Top ten health tips for men

Men are notorious for neglecting their health. So to coincide with Men’s Health Week, we’ve put together our top tips for men on keeping healthy. From your eyes to your toes and everything in-between, here’s the lowdown on what you need to do to keep in tip-top condition.

1. Eye health

We rely on our eyes for almost every aspect of our lives – but may pay little attention to how well they’re working. It’s not always obvious if there’s a problem with your vision, so regular eye examinations are important. You should have an examination at least every two years, unless otherwise advised by your optometrist.
2. Tooth care

Make sure you have a smile to be proud of. Watch our animations below on how to brush and floss your teeth, and don’t delay those all-important dental check-ups. Your dentist will advise you how often you need to go, as this will differ for everyone. If you can’t remember the last time you saw your dentist – get an appointment booked sooner rather than later.
3. Snoring

If you’re a snorer, it’s not just a nuisance for your partner; it can also be a sign of a more serious condition, known as sleep apnoea. Although anyone can snore, it’s more common in men, especially if you’re overweight, drink alcohol or smoke. So, for the sake of your health as well as your relationship, it’s worth thinking about if there’s any lifestyle changes you can make.
4. Know your limits

You may like to have a drink now and then to unwind. But if you’re regularly overdoing it, it’s time to think about your drinking habits. Alcohol is the world’s third largest risk factor for disease, being associated with various cancers, cardiovascular disease and liver disease. Make sure you’re drinking sensibly for the sake of your long-term health.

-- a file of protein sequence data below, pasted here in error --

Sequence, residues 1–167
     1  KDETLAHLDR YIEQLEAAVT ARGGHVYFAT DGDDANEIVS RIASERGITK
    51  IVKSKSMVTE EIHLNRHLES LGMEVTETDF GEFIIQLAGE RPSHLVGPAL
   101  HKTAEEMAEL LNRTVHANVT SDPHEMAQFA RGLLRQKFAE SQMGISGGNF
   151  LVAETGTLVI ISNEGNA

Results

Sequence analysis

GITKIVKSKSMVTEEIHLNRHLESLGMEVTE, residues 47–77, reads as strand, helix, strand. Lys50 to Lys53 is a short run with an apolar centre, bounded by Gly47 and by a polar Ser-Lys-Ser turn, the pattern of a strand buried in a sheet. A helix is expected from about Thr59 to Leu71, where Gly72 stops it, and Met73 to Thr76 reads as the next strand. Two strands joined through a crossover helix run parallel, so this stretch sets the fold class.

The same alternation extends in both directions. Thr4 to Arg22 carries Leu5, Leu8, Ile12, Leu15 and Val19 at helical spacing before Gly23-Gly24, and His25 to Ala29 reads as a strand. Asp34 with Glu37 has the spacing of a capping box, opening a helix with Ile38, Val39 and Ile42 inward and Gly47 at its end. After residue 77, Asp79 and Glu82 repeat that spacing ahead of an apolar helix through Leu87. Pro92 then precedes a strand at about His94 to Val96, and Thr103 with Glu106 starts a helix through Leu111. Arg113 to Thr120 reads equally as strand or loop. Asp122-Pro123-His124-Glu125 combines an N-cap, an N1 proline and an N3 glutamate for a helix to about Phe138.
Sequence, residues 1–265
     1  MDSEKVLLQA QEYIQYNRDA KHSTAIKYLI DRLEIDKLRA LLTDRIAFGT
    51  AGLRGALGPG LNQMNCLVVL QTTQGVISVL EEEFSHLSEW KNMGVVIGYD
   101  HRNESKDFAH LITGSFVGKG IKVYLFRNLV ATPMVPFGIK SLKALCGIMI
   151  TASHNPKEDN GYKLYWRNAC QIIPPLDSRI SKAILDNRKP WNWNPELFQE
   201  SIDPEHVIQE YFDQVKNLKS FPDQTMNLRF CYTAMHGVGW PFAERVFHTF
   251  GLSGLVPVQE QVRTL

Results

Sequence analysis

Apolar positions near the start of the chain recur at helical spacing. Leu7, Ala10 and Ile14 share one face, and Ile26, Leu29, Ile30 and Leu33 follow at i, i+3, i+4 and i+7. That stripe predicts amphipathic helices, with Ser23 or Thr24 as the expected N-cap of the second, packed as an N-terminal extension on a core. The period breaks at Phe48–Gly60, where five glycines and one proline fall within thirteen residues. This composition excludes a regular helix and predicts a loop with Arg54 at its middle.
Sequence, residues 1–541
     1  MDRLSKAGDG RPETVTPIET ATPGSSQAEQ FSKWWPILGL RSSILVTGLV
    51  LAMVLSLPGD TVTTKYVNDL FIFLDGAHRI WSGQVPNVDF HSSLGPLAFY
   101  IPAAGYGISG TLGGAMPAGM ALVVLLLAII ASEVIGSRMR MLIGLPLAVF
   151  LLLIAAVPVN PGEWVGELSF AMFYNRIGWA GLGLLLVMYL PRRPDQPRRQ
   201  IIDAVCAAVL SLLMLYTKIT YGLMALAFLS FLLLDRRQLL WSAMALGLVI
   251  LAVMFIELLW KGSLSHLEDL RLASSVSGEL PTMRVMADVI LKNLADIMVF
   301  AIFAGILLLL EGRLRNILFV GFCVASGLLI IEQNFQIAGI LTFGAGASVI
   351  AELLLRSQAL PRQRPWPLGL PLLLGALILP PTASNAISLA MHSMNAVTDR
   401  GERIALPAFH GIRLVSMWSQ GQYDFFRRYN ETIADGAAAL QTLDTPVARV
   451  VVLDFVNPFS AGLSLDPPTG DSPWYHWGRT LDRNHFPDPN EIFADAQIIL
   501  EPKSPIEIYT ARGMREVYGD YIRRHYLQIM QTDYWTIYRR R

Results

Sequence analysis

5. Know your blood pressure

Do you know your blood pressure? High blood pressure rarely causes any symptoms, and yet it accounts for around half of all deaths worldwide due to heart disease and stroke. According to the World Health Organization (WHO), all adults should know their blood pressure. If you don’t know yours, ask your doctor or nurse to check.
6. Watch your weight

Obesity is an issue for both men and women alike. However, men tend to be more likely to carry extra fat around their middle (‘apple shape’) rather than their hips and thighs (‘pear shape’). This puts you at even greater risk of health problems. If it’s something you’ve been putting off, start thinking about what changes you can make to lose any excess weight.
7. Prostate health

Many men start to develop difficulty in passing urine as they get older, which can often be caused by an enlarged prostate. It’s worth seeing your doctor for advice, especially if your symptoms are starting to become more troublesome. Your doctor will assess your symptoms and carry out an examination to check the size of your prostate. You may also be offered a PSA test to check your risk of prostate cancer. There are pros and cons of taking this test, which you should discuss with your doctor. Learn more about your prostate.
8. Check your testicles

Fortunately, testicular cancer isn’t very common. However, unlike most other cancers, it usually affects younger and middle-aged men. Thankfully, the outlook is excellent, with most men making a full recovery. Being testicle aware by regularly checking your testicles (at least once a month) can help you spot any changes early on when cancer can be easily treated.
9. Toilet troubles

Have you noticed a change in your bowel habits? It’s something many men are embarrassed to talk about. But if you have blood in your faeces, need to go more frequently or have noticed any other changes, you should get it checked out with your doctor. These symptoms can often be due to a number of non-serious conditions such as piles and infections; but your doctor can carry out tests to check for signs of bowel cancer.
10. Athlete’s foot

Itchy, dry skin between your toes or on your feet? You could have a case of athlete’s foot. Men seem to be more susceptible to this fungal infection than women. You may be able to follow simple foot hygiene measures to get rid of athletes foot, such as regularly washing and drying. There are also products you can buy from a pharmacy to treat it. However, some men may need an antifungal medicine to help clear it up, which your doctor can prescribe.

Source: Bupa.co.uk

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